How does who we think we are affect what we have to give?

How does our delusion of a ‘separate self’ narrow the range of our compassion? What different understanding of our being might nourish and deepen what we have to offer one another?

All of us seem to be born into the experience of separateness. During infancy, we come to distinguish between “self” and “other.” As we develop, we devise a complex group of ideas about who we are, which is our ego. This includes our identity on a variety of planes in which we function simultaneously – as bodies, personalities, citizens, and souls. We have many roles to play in the course of a single day, each of which is functional and calls attention to itself.

Working a busy afternoon at the mental health clinic, we are more conscious of our professional identity. When we get home and see the children, we’re most aware of ourselves as parents. Then the evening news comes on, and for a little while we are responding to life, say, as a liberal or a conservative. The phone rings, it’s our mother; now we’re someone’s child. But that model falls away quickly enough as we prepare for bed, notice that we’re aging, wonder about our sex life, and drift off to sleep perhaps anticipating tomorrow’s task at the clinic.

Hundreds of times a day, we shift costumes to fit appropriate roles. This is the life of the separate self, moving through the world of “other.”

For the most part, this model “self” or “ego,” with its individual attributes and roles, serves us in good stead. It preserves our physical and psychological integrity, giving us a sense of continuity through time, directing and documenting personal growth. It catalogues past experiences, makes available our skills, helps keep track of capabilities and limitations.

Frequently, we enjoy our individuality and sense of uniqueness. The freedom to define who we are is a challenge. As we acquire a certain degree of equanimity in self-image, we are much more likely to feel empathy for those around us. We know what it’s like to be a “self” moving through the world of “others.” When someone feels particularly isolated or in pain, we don’t need a great deal of information in order to come to his or her aid.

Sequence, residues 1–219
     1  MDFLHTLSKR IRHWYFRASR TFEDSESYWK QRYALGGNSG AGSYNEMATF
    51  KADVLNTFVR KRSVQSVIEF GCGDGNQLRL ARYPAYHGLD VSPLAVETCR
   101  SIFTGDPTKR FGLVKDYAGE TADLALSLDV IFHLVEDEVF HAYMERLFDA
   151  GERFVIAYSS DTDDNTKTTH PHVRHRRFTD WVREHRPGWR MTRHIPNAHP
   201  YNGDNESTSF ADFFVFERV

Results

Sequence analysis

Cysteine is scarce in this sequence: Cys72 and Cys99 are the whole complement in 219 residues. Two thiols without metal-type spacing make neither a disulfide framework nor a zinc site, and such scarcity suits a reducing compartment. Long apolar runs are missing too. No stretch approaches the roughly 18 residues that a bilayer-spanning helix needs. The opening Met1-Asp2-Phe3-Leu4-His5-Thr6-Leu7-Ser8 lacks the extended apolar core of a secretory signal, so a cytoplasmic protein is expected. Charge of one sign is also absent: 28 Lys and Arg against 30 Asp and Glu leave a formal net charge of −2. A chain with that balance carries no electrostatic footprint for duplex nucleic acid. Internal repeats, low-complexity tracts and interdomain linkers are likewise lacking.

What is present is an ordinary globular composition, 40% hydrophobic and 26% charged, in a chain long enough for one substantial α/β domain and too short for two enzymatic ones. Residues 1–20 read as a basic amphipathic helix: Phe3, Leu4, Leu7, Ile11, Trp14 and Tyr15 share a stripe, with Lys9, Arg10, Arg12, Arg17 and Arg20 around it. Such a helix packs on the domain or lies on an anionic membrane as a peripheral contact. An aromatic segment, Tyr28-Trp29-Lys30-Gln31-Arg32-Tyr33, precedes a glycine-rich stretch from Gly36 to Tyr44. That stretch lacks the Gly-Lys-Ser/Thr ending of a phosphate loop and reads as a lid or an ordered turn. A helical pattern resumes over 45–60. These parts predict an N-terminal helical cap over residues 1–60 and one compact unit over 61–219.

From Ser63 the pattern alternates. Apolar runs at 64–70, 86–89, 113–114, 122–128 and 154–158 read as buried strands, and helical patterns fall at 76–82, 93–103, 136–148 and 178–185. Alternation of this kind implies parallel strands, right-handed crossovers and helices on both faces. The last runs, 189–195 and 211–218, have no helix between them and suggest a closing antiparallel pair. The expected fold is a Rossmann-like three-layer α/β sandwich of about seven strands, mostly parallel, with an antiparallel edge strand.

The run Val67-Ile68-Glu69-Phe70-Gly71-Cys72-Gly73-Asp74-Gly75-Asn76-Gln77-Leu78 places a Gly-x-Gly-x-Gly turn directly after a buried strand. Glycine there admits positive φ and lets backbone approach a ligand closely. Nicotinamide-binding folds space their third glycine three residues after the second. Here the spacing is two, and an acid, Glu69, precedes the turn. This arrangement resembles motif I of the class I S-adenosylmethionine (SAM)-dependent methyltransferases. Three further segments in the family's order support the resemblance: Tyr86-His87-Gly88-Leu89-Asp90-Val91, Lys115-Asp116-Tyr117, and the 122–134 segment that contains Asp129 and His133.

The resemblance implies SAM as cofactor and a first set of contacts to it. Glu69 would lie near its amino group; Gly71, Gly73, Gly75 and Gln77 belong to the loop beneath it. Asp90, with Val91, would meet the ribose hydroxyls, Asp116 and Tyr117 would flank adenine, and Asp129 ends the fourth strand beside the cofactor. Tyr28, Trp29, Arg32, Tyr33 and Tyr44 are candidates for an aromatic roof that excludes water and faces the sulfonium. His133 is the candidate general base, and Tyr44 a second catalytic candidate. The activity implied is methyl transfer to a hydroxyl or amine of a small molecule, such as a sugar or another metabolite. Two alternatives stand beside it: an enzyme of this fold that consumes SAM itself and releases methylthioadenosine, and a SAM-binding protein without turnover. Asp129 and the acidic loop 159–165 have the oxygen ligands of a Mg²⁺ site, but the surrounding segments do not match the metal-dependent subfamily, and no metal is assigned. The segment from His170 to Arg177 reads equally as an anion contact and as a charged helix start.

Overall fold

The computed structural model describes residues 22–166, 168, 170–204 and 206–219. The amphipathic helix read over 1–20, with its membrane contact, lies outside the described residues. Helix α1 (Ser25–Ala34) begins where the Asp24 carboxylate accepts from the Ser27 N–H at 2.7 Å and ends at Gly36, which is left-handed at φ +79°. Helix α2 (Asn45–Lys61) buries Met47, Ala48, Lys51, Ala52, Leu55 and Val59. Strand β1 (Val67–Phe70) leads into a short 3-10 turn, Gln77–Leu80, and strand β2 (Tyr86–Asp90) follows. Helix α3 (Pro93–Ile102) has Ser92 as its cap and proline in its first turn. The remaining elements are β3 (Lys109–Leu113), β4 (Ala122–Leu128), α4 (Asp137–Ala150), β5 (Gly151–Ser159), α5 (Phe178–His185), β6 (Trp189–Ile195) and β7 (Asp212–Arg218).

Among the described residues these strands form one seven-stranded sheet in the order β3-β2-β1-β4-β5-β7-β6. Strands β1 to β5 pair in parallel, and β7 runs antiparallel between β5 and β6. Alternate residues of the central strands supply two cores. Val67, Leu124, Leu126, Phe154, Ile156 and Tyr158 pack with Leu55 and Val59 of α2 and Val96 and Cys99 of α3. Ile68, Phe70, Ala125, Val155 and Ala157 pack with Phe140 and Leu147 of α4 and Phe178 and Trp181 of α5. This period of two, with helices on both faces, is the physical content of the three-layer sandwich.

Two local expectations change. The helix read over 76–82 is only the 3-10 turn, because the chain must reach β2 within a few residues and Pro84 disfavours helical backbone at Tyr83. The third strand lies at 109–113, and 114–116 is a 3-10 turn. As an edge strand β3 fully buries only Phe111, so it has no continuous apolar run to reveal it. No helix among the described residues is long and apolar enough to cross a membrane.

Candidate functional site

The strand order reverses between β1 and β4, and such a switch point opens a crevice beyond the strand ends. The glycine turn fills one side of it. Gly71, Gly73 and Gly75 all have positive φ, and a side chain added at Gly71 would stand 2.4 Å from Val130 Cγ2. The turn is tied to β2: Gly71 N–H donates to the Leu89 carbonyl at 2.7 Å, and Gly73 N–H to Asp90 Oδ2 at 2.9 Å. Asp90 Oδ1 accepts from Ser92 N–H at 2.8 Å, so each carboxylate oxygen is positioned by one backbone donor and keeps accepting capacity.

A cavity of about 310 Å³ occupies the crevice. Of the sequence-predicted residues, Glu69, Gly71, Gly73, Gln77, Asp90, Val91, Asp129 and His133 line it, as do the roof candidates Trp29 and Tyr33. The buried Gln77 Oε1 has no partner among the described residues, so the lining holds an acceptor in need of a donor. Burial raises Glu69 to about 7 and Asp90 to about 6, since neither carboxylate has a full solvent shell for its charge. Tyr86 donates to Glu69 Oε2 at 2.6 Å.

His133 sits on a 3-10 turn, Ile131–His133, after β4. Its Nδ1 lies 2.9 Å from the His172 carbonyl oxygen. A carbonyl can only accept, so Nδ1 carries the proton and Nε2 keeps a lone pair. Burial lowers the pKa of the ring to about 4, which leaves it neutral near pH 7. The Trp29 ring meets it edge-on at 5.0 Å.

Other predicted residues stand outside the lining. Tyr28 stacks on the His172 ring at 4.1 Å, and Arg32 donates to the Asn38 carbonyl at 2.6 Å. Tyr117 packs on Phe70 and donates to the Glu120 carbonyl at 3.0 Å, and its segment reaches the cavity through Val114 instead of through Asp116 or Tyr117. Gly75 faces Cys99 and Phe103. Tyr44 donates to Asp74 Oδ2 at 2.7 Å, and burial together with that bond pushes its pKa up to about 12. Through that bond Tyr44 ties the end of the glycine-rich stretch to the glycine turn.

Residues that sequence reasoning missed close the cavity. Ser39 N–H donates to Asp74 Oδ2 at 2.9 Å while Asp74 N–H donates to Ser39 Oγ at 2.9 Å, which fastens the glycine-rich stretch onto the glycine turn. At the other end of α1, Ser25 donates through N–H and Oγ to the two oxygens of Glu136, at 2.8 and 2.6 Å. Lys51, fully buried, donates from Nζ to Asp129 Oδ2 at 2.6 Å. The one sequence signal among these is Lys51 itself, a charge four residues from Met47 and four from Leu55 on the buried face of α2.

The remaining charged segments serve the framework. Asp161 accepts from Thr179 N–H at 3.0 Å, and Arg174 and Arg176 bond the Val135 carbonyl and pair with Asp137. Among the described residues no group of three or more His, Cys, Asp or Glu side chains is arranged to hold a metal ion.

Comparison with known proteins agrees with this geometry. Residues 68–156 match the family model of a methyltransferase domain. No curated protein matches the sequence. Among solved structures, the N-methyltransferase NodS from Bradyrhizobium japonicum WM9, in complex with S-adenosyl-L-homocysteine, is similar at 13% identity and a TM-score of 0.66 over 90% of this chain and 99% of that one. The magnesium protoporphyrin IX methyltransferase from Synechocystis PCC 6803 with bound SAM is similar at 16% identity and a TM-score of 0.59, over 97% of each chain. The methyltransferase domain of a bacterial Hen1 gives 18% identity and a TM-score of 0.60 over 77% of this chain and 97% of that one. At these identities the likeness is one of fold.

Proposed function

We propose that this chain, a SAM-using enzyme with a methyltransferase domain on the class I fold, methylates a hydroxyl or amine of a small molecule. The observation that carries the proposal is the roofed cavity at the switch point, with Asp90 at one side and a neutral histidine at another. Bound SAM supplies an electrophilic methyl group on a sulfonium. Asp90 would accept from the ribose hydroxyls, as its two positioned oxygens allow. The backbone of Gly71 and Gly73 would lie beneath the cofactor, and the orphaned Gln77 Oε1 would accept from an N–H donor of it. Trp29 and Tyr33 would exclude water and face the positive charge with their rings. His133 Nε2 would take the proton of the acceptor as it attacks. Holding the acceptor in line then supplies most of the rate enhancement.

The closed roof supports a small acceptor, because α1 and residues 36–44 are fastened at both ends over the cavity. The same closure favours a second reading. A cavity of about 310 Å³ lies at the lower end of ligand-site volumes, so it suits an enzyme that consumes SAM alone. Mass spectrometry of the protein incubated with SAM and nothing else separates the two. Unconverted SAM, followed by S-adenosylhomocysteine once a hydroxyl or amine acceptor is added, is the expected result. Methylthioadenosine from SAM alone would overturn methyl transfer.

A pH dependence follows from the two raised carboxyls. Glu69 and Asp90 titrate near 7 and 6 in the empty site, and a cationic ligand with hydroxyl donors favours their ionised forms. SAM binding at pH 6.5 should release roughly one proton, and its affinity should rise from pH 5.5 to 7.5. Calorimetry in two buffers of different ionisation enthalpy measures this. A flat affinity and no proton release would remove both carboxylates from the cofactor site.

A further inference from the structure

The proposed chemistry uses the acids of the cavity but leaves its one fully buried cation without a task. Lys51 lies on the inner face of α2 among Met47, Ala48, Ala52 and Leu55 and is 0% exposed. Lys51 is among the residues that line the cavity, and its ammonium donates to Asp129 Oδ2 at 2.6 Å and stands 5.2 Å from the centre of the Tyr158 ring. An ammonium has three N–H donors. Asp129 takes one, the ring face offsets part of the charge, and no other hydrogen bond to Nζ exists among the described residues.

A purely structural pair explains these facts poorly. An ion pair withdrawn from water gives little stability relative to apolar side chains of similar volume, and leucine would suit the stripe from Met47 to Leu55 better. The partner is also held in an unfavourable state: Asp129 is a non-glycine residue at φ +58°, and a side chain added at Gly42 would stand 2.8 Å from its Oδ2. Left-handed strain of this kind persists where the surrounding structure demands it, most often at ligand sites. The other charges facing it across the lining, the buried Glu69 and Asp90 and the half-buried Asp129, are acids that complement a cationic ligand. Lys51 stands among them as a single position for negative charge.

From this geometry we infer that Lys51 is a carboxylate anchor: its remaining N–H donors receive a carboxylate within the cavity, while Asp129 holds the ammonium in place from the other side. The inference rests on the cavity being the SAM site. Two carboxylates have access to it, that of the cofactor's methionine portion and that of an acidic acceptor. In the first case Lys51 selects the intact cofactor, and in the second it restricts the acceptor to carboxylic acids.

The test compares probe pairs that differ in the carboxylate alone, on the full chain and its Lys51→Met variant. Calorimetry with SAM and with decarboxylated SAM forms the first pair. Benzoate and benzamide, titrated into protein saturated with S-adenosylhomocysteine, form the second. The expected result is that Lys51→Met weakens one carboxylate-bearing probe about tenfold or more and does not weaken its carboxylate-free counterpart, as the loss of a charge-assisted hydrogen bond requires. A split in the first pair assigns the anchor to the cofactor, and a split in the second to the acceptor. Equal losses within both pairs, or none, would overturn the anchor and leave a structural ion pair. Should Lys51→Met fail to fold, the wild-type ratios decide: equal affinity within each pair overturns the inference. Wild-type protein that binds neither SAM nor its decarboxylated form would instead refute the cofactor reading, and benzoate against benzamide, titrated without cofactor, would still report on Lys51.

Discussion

Our own experience of a separate self guides us to appropriate understanding and support.

Perhaps there are more specific parallels of experience. We too have gone through a divorce, lost a loved one, struggled with alcoholism, or experienced a debilitating illness. From this body of common experience, much caring is born. As a separate self, we spend much time reaching out to one another.

Yet it is only fair to say that the quality of our helping sometimes suffers from the hold our sense of separateness might have on us. As happily and healthily as we may function within it, the degree to which we believe ourselves to be individual, isolated entities has consequences for how we care for one another.

To identify with the separate self, however functional it may often be, is to make this model of reality more real for everyone else. How much is this helping, and how much is it hindering?

Perhaps we recognize the predicament when we see the problem of always having to be “somebody.” So we decide to let it all go, become models of humility, and aspire to the ideal of selflessness.

The least we can do is acknowledge or remind ourselves that this is part of the predicament of being human.

We all must deal with conditioning. The sense of ourselves as separate is what we are contending with virtually all of the time. It’s our curriculum, and everybody’s enrolled.